Today: Who Should Pay Mary's Repair Bill?

Dear Car Talk

Dear Car Talk | Dec 03, 2014

Dear Car Talk:

I have a 2010 Smart Car. The Check Engine light would not stay off. I took it to the dealer before the warranty expired. They found nothing wrong and told me I probably had a bad tank of gas, and that I should wait for it to get used up and fill it with "good gas" next time. I did that, and sure enough, the light went off. But a few weeks later, the light was back on. The same thing happened -- new tank of gas, light goes off, then comes back on. This scenario was repeated several times (sporadically, not with every tank) until finally the light stayed on permanently.

Of course, by then it was no longer under warranty. So the dealer "switched sensors" to see what that would do. I didn't even make it home before the light was back on. This time, they said they would come and get it (I live 45 minutes away) and bring me a loaner. A day later, they told me I need a cylinder head because I have a leaking valve, and it will cost $3,400. The guy said that, since I have less than 10,000 miles on the car and I'd brought the problem to their attention while it was still under warranty, he'd already contacted the district manager, who agreed to cover all but $500, which I am to pay. Is this a good deal or not? In my opinion, they should cover all of it. Thanks.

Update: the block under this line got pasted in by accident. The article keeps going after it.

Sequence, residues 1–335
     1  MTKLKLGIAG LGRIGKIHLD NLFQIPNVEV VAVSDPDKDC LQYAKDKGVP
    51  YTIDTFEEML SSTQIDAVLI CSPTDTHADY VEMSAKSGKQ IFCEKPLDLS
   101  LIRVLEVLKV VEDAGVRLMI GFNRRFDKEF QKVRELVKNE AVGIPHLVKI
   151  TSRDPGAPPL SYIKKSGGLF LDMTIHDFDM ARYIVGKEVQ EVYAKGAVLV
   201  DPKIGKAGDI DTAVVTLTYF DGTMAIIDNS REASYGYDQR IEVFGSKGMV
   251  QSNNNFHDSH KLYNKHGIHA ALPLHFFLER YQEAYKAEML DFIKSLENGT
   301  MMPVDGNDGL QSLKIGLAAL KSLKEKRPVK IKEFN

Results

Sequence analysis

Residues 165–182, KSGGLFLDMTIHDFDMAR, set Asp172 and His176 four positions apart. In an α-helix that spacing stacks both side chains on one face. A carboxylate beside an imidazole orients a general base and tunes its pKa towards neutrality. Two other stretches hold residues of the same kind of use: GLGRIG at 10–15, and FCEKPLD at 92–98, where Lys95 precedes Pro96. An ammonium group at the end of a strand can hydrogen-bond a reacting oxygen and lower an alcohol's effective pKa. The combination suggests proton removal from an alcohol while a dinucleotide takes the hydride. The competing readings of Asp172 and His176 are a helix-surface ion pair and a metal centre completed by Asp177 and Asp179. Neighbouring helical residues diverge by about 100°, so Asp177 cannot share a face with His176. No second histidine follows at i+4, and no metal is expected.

-- Mary

Car Talk:

I agree with you completely. This clearly was a manufacturing defect. The engine failed at less than 10,000 miles -- that's ridiculous. And you brought the defect to their attention while the car was still under warranty. What possible justification do they have for charging you $500? The whole thing's on them. If they had figured it out the first time you took it to them, it would have been under warranty, and there would be no $500 charge. So they're billing you for their ineptness in taking months to figure out what was wrong.

I do think it was nice of them to come and pick up your car after the second time they failed to solve the problem. That, at least, allowed you to avoid the terror of driving this chamber pot for an additional 45 minutes. In billing you for $500, I think they're launching what we call a "trial balloon," Mary. They want to see if you'll roll over and give them the money.

Don't do it. Remind them that the defect was reported to them during the warranty period, and that you have that in writing (the service slip). And ask them what possible justification they have for charging you at all for a warranty repair. If they don't say, "Yeah, you're right, Mary," mention your state's attorney general's office, and suggest that you're going to call to get their opinion before authorizing the repair.

Or do what my brother would have done, and just keep the loaner! And by the way, pretty much whenever a mechanic says that your problem is "bad gas," that means he couldn't figure out what's wrong, or didn't want to take the time to figure it out. Or he's upset that you have bad gas and are stinking up his waiting room.

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